TANGATA WHENUA MIGRATION
To understand how tangata whenua purposefully migrated over thousands of years from Asia through the Pacific and onto Aotearoa New Zealand.
To know who is tangata whenua and mana whenua in our rohe and how they came to settle in our place.
The famous painting by Goldie entitled 'The Arrival of Māori in New Zealand' depicts exploration, navigation, and discovery of pacific pathways and new lands, including Aotearoa New Zealand, as haphazard and largely accidental.
Do you agree or disagree? Debate as a class your view points
2. Getting the real oil
There are two videos to watch which help you get the 'real oil' on the thousands of years of purposeful pacific exploration that culminated in Māori migration to New Zealand.
The first of these is a short video by Sir Ian Taylor that summarises the process of exploration that led to the first people settling in Aotearoa New Zealand (and eventually going onto win the America's Cup!)
The second longer video from NZ Onscreen Iwi Whitiāhua is made by Oscar Knightley and Nathan Rawere. In the documentary they use DNA technology to trace their ancestry back from Aotearoa New Zealand, through Rarotonga, Samoa and Vanuatu to Taiwan.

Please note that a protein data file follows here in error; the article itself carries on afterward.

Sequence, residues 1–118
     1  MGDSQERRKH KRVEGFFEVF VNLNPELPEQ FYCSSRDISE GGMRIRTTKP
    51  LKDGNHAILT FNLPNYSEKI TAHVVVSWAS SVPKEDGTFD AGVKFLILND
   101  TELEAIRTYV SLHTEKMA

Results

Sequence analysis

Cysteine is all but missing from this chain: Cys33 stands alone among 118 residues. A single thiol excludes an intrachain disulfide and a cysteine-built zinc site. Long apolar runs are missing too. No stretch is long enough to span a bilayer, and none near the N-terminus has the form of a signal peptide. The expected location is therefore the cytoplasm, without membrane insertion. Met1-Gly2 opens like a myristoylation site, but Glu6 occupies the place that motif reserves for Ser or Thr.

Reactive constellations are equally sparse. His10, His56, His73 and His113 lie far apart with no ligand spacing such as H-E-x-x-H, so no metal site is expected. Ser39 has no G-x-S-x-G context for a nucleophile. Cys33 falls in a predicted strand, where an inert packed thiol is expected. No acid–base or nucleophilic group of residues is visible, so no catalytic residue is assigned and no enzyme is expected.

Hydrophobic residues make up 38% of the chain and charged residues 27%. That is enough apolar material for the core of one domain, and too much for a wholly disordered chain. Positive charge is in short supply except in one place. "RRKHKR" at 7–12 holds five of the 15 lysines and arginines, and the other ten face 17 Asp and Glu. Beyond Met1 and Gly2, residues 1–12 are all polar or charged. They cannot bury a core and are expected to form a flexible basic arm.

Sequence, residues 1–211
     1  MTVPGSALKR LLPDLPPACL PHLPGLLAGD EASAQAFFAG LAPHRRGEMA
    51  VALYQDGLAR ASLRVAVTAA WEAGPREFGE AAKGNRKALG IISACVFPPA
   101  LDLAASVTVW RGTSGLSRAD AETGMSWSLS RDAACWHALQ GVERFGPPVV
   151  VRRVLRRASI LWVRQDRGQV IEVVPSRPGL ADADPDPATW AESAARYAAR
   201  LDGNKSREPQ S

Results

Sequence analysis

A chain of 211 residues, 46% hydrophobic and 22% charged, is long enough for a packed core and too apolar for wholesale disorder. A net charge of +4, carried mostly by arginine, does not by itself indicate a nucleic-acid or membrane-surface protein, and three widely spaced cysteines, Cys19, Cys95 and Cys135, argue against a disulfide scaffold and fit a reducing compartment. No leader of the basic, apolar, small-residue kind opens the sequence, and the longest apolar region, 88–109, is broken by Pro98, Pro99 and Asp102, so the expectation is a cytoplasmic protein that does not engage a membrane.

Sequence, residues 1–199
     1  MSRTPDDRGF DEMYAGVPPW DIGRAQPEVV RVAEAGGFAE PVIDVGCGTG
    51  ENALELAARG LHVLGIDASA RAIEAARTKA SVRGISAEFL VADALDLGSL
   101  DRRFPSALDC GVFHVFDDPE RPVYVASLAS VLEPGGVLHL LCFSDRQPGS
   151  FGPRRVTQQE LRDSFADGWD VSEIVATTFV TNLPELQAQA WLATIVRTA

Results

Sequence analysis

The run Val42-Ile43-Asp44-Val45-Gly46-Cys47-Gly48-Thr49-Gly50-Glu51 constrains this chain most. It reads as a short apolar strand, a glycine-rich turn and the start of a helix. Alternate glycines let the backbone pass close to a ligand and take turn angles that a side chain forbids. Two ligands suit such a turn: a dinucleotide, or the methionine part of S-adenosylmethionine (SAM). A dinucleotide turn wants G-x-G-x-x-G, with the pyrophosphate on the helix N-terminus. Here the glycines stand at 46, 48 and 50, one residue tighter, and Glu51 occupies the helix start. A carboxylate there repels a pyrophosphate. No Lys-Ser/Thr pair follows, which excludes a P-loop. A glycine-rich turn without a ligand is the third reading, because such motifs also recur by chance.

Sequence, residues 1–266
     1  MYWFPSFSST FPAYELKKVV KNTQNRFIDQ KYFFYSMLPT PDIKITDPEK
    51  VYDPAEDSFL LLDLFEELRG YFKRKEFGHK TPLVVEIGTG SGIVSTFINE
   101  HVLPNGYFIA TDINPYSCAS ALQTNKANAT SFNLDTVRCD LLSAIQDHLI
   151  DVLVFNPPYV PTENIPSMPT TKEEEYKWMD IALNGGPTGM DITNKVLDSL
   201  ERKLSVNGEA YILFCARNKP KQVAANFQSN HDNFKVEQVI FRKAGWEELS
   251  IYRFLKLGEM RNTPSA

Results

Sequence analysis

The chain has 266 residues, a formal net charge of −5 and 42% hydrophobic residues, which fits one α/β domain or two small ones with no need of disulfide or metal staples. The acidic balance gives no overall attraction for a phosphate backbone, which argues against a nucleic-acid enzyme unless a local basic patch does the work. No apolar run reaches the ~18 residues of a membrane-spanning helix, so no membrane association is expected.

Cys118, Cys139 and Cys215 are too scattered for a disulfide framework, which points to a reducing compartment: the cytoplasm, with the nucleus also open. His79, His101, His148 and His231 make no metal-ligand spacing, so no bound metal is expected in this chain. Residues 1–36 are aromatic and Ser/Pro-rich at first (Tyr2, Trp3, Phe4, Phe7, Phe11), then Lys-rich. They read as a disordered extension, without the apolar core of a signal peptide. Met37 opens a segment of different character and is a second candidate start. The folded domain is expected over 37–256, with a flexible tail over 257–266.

Click to watch at NZ Onscreen
3. Who is tangata whenua and mana whenua in our place?
Now we have the BIG picture let's look at the specifics of the original settlement of our place.
Te Ara - The New Zealand Encyclopedia states "It was once believed that the ancestors of Māori came to New Zealand in a single ‘great fleet’ of seven canoes. We now know that many canoes made the perilous voyage from Polynesia. Through stories passed down the generations, tribal groups trace their origins to the captains and crew of over 40 legendary vessels, from the Kurahaupō at North Cape to the Uruao in the South Island."
Who is tangata whenua and mana whenua in our place?
What waka do they whakapapa back to?
How did they come to settle in our place?
(You might like to explore the Wellington City Council digital archive to help answer these questions from a Wellington perspective)